NEW YORK (CNN/Money) - No, it's not just for dating.
That's what Blackberry maker Research in Motion's Chief Financial Officer Dennis Kavelman told CNNfn Wednesday when grilled about the mobile e-mail device's growing popularity. It's so popular, in fact, that Blackberry shipments nearly tripled in the second quarter, jumping 289% to 510,000 units.
Speaking from the company's headquarters in Waterloo, Ontario, Kavelman said Blackberry sales won't be undercut by competitors entering the market with other personal communication devices, such as handheld PCs and smart phones with e-mail technology.
That's because RIM has deals with several communication companies to license Blackberry software for use in mobile PCs and smart phones, he said.
"We still believe that it's the very early days in the market," said Kavelman, pointing to 1 million Blackberry customers versus about 1 billion mobile-phone subscribers. "All these folks we thought would be competitors are partnering very close to us. You're going to see Blackberry on all these handsets."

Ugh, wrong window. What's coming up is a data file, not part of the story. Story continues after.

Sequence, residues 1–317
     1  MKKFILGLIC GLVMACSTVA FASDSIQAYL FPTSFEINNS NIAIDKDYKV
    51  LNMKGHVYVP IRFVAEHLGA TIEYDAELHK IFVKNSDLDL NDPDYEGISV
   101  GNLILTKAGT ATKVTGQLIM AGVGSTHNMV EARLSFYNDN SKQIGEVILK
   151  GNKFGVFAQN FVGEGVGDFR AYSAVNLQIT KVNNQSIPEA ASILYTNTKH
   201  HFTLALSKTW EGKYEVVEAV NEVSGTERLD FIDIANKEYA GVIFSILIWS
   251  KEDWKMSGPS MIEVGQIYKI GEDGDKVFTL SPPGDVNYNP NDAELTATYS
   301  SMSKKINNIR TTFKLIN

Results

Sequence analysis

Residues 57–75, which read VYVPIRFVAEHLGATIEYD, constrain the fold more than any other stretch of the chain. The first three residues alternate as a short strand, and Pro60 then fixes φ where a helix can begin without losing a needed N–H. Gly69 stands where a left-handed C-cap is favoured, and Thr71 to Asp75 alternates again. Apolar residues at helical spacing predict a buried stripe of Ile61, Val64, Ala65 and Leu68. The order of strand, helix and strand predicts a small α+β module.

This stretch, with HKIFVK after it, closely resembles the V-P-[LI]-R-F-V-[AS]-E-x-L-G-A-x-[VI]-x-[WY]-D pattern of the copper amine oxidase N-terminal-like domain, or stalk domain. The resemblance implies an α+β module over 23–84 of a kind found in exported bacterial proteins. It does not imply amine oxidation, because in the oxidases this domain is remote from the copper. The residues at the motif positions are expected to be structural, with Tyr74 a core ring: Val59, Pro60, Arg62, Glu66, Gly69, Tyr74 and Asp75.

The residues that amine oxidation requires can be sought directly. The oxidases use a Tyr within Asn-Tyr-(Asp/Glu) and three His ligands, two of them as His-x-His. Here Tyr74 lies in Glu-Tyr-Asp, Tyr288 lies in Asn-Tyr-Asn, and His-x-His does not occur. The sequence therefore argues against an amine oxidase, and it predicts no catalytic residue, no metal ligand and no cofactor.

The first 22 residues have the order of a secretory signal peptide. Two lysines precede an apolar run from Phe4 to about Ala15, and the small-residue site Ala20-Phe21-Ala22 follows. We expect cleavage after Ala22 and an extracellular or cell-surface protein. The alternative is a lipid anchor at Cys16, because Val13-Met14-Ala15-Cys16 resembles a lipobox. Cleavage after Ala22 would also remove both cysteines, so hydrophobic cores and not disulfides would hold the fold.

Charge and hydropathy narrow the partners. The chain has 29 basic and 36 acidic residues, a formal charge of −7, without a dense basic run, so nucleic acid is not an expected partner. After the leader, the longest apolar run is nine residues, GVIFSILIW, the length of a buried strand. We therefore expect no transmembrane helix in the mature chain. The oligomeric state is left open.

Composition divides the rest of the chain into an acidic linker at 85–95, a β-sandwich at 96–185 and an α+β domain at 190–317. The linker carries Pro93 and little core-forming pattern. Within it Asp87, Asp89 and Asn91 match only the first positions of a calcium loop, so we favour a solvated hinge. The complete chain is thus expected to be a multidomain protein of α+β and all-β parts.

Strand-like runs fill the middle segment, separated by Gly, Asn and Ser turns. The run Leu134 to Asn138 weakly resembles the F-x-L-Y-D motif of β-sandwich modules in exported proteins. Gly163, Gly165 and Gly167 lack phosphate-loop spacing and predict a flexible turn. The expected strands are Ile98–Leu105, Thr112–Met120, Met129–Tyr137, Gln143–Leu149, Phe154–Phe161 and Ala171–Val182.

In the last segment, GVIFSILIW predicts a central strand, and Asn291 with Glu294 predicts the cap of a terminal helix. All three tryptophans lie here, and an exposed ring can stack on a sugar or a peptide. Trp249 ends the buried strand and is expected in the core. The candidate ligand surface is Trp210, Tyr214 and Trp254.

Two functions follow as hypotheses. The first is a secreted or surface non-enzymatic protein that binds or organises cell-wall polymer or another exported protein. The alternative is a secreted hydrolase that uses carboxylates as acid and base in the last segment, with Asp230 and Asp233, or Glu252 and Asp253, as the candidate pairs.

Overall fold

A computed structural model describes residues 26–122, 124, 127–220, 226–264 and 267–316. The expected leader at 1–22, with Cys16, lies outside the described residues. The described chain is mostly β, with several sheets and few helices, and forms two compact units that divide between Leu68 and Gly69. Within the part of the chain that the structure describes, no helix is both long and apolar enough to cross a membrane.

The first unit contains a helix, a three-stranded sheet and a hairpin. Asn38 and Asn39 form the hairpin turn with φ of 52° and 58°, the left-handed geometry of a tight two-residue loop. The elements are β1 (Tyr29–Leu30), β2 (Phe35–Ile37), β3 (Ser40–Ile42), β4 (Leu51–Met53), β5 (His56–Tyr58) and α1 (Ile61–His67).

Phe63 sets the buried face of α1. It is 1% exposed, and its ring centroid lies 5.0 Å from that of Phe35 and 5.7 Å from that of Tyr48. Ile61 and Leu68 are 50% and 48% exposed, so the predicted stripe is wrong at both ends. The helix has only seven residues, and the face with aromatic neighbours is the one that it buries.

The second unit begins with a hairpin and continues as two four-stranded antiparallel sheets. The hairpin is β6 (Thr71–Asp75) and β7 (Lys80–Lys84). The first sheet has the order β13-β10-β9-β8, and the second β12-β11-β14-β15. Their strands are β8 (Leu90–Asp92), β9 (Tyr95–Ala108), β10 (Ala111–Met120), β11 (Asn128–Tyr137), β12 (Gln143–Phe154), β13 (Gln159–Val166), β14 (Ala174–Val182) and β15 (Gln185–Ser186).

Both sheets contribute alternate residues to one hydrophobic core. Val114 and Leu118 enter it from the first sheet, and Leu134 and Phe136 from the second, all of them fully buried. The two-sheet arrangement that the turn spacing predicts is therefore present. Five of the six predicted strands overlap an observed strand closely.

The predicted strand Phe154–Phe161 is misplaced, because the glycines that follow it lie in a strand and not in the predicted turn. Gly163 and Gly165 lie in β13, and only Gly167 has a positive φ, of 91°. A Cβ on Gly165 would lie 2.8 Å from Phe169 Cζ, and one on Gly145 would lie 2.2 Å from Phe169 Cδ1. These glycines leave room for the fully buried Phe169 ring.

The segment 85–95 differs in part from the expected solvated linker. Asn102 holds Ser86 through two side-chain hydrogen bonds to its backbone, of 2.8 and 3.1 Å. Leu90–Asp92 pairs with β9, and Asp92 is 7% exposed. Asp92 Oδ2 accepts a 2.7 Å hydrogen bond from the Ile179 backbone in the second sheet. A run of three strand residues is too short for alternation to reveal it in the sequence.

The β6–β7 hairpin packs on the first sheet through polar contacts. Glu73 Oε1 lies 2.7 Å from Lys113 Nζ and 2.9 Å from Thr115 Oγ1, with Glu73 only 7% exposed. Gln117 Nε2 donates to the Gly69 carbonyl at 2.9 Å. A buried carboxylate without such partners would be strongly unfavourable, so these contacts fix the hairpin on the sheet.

He said licensing the Blackberry software -- which allows for not only text messaging but also the secure transfer of data from a company's computers -- is possible because it is written in Java and easily transferred to other platforms.
Research in Motion was one of the darlings of the technology boom. When the company went public in March 1999, it was trading at around $8 a share. A year later, it was trading for more than $150.
Since then, it has been a roller coaster ride. Even so, the stock is still up 215 percent over the last five years, unadjusted for a 2-for-1 stock split.